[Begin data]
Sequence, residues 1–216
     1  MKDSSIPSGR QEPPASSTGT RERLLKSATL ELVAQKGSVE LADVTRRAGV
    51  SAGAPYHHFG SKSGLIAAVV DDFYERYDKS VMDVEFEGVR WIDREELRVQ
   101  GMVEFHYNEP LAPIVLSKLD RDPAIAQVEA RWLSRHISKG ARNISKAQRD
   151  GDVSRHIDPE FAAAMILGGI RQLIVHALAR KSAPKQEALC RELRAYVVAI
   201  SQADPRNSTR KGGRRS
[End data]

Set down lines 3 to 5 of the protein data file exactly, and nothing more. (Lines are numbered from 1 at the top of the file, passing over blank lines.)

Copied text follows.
    51  SAGAPYHHFG SKSGLIAAVV DDFYERYDKS VMDVEFEGVR WIDREELRVQ
   101  GMVEFHYNEP LAPIVLSKLD RDPAIAQVEA RWLSRHISKG ARNISKAQRD
   151  GDVSRHIDPE FAAAMILGGI RQLIVHALAR KSAPKQEALC RELRAYVVAI